how to nature journal biocultural diversity
How to Nature Journal Biocultural Diversity
  1. First, be curious about local traditional knowledge about nature in the area where you are. What culture has been living there? What was their relationship to the plants and animals and landscapes you are drawing? Is there a way you can recognize and incorporate some of that into your journal? However, be aware of the issue of cultural appropriation.
  2. Second, be curious about cultural context. Even the magnolia in your garden, the chicken in your soup, or your house cat have a cultural how to nature journal biocultural diversitycontext. Even a quick search on google could find some cool background. What if you included a map, names in other languages, or historic references next to that sketch of your feline or flower?
  3. Finally, what are some biocultural connections from your own life? You can also try to nature journal some of the aspects of your own life that are connected to nature. What plants, animals, fungi, minerals etc do you relate to on a daily basis?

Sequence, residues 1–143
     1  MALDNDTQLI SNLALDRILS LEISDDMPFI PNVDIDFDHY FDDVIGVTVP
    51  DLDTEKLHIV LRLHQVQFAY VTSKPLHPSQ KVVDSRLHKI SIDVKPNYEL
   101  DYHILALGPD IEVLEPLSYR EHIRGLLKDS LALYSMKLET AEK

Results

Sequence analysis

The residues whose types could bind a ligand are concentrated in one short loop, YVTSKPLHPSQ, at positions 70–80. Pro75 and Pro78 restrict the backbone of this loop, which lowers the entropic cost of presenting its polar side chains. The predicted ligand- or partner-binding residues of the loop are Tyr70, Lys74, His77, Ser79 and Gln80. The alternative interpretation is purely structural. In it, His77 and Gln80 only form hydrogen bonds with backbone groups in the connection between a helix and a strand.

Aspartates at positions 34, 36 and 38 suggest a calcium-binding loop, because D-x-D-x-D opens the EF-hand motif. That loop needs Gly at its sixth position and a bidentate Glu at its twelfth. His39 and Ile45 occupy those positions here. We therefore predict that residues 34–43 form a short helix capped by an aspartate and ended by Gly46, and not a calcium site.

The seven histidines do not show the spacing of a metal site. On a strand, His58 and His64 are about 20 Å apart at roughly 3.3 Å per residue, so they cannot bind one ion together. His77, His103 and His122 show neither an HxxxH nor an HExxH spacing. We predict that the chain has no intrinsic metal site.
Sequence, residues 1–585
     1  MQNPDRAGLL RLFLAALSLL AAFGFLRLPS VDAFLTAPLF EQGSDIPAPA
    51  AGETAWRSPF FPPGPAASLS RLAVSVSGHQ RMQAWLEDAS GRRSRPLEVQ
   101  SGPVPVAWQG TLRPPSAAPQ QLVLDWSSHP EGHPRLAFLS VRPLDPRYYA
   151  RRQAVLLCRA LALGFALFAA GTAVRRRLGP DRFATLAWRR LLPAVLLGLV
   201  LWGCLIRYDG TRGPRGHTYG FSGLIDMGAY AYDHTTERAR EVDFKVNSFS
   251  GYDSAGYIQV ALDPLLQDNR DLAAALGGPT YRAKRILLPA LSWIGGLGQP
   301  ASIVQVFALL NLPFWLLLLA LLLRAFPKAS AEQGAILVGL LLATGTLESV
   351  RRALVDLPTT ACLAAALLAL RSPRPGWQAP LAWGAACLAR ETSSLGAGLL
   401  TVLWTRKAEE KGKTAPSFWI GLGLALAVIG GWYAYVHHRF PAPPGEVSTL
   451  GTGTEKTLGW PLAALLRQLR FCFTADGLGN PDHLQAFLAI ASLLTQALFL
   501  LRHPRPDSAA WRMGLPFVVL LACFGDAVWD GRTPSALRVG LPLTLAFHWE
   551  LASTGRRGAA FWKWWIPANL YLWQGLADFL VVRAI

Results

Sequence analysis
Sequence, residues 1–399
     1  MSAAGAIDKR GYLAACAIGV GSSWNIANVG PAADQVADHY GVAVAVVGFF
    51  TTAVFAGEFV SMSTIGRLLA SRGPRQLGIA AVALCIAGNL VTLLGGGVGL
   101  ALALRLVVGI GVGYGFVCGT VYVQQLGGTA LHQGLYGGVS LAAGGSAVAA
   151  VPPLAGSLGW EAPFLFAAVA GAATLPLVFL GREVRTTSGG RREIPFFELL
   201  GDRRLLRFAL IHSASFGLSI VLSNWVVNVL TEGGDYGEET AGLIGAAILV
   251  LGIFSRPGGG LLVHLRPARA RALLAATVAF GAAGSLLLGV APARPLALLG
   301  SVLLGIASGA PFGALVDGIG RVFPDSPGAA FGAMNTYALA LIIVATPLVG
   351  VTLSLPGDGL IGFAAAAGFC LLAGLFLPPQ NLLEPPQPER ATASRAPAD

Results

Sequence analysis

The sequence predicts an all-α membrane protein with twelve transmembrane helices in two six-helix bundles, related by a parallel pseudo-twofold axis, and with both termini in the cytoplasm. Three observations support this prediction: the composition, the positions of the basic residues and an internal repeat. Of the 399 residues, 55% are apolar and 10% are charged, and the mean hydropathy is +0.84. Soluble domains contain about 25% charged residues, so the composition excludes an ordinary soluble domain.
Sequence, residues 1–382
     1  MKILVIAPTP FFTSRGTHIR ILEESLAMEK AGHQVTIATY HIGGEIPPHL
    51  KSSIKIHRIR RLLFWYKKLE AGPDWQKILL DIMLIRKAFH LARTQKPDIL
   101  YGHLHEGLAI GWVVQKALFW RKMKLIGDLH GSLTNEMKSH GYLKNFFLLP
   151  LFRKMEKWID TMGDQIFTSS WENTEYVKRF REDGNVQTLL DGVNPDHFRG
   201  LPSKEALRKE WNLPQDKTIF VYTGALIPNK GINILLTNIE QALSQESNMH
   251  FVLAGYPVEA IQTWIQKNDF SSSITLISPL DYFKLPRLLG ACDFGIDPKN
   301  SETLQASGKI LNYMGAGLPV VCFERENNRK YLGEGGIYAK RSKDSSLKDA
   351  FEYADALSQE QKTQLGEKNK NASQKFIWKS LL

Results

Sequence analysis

See more of Mariia’s work: https://taplink.cc/mariia_ermilova_terada

What you have been waiting for…

It’s here! The behind the scenes story of my recent trip to Tanzania is finally finished after weeks of being back and days of video production work. Thanks for waiting patiently. This video is available to followers of my website for several days before it goes public on youtube.

Taste The Rainbow (While it Lasts)